I’ve mentioned a couple times that my husband is receiving disability insurance while recovering from surgery. However, I was startled to discover recently that California is one of only five states with a state-run disability program. If you don’t live in one of these states (California, Rhode Island, Hawaii, New York, New Jersey), you should pursue other options for getting this insurance.
How State Disability Programs Work
In states that offer disability programs, your employer deducts your contributions through payroll deductions. Some organizations and government agencies are exempt, but may have a similar internal program. If you’re self-employed, you may be able to buy benefits through the state program.
Once you have a disability, you apply for benefits through the disability program, which is usually operated by the unemployment department. The specifics vary by state, but in general, you’re paid 55% of your previous salary per week, based on your highest-earning quarter out of the last five quarters. There is a cap, however. In California it’s $987. Disability income is not taxable, so even though you receive about half your salary, you’re not losing as much income as it seems. In California, there is a 52-week cap on benefits.
If you’re unemployed when you become disabled, you may also qualify for benefits, which will be higher than your unemployment benefits. Unemployment payments are low to encourage workers to return to work quickly. Disabled workers obviously can’t do that. You can’t receive both benefits at the same time.
How Employer-Provided Disability Programs Work
If you don’t live in a state with a government disability program, your employer may offer it privately as an employment benefit. Many employers provide it as a free benefit, but some ask employees to contribute. If your employer asks you to contribute, do it. It’s much cheaper to buy coverage through a large group plan than through an independent plan.
Unlike state plans, which are the same for everyone in your state, you should check with human resources or your insurance provider for information about eligibility, waiting periods, and filing a claim. Most plans cover up to 60% of your salary. My husband’s employer provides a state supplemental for 60% of his income. If your employer pays for the coverage as a benefit, the income may be taxable. Ask your employer.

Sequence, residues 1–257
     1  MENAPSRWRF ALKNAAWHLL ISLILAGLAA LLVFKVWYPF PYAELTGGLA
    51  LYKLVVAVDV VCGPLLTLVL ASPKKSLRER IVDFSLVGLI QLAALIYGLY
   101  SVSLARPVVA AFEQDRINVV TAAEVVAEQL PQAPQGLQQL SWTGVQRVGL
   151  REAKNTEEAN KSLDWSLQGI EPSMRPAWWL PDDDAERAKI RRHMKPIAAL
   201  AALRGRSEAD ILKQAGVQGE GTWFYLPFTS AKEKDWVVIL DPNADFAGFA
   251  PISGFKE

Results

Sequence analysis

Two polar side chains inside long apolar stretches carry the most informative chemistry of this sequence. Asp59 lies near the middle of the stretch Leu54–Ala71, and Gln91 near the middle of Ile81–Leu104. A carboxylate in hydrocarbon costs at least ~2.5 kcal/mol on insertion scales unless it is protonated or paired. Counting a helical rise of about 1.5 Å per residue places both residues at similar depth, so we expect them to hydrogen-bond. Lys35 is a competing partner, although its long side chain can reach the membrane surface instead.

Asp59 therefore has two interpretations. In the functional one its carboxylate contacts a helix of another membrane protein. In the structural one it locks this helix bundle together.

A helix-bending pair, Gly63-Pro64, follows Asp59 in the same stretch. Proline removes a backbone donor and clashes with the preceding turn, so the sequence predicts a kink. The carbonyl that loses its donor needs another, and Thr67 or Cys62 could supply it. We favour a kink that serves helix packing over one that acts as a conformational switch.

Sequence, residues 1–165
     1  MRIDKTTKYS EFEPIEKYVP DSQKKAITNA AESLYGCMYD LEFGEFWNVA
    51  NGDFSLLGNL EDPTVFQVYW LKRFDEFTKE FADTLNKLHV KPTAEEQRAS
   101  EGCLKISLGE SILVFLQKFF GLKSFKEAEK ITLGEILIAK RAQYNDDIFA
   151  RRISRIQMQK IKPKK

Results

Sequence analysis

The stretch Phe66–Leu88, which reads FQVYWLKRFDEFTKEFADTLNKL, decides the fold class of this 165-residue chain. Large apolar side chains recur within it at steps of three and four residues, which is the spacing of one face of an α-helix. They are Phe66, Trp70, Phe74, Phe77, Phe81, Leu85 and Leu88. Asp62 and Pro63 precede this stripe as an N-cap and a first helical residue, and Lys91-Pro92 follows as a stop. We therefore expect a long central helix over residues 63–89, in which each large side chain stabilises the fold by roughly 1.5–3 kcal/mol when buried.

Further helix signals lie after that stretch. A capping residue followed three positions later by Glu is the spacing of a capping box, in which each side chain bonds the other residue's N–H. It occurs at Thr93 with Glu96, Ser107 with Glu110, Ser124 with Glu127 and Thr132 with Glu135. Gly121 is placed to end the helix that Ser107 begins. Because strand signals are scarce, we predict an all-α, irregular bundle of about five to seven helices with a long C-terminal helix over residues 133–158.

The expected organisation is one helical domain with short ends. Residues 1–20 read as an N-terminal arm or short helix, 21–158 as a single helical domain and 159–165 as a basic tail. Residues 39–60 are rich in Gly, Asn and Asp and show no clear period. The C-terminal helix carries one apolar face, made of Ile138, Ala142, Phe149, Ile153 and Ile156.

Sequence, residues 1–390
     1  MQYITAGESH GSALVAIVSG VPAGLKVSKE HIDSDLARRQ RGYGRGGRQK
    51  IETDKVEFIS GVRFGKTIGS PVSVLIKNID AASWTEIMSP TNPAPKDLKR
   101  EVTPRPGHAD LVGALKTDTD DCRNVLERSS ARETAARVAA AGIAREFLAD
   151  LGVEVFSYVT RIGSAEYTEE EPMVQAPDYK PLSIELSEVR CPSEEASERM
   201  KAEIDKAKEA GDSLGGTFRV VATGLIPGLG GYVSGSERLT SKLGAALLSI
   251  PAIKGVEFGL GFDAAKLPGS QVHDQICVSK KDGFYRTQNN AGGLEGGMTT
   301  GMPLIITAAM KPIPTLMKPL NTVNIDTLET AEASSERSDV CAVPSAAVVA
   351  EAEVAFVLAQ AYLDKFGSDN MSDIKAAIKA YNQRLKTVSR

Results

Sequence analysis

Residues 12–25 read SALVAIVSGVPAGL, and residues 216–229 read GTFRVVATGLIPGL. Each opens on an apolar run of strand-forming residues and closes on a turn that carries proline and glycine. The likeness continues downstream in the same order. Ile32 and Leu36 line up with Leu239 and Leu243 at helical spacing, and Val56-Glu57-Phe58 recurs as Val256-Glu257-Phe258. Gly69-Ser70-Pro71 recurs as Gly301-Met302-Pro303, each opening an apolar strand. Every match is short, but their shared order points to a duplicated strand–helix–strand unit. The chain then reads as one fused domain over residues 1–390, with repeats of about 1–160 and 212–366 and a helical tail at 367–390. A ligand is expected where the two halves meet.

How Private Disability Insurance Works
If your state or employer doesn’t offer disability insurance, you can acquire it privately. You’ll most likely be required to undergo medical underwriting as part of the application process. You may also be subject to a longer waiting period before benefits become available.
If you’re a high-earner, you may want to supplement your existing state or employer disability plan with a private plan. Private plans will usually cover 70-80% of your income. It can cost $600-1800 a year, so review your plan carefully to make sure you have adequate coverage and that it includes an “own occupation” rider. Without that, benefits may stop if you can return to any work. You want to be covered until you can return to your current occupation.
How to Apply for Disability Coverage
In order to apply for disability, you and your doctor must complete the form that proves your disability. Contact your state, employer, or insurance company for the proper forms and follow the instructions carefully. Be sure to notify the insurer when you return to work in order to stop the payments. Failure to do so is insurance fraud.
Worker’s Comp vs. Disability Insurance
Disability insurance is for injuries or illnesses that occur outside the workplace. If you’re injured on the job, then you should file a worker’s comp claim. All employers are required to maintain proper worker’s comp coverage. You don’t have to opt-in or pay for the benefit. Benefits and the claims process will vary depending on your state, so contact HR for advice.
State/Employer Disability vs. SSDI
If you’re disabled for more than a year, then you will most likely qualify for a Federal program known was Social Security Disabled Insurance (SSDI). SSDI is part of your FICA contributions. The benefit amount is based on your lifetime average earnings. If you expect to be disabled for more than a year, contact Social Security or speak to your doctor’s office about filing a claim.
Sources of Disability Insurance
If you live in one of the five states that requires disability insurance through the state program, then you probably already have it. If you’re employed and don’t live in one of those states, ask your employer about it.
If you’re self-employed, contact your insurance agent for information about applying. It’s vital that a self-employer person by coverage because you’ll have absolutely no income if you become injured.
If your employer doesn’t offer insurance, you have a few options. If you’re a member of a union or trade group, contact them to see if they have a group program. My husband bought a small, cheap plan through his professional organization. It has a 3-month waiting period, so we won’t be tapping it for his current injury, but at $80 a year, it’s worth it in case of future emergencies. If you don’t belong to a trade group, contact your insurance agent for information and q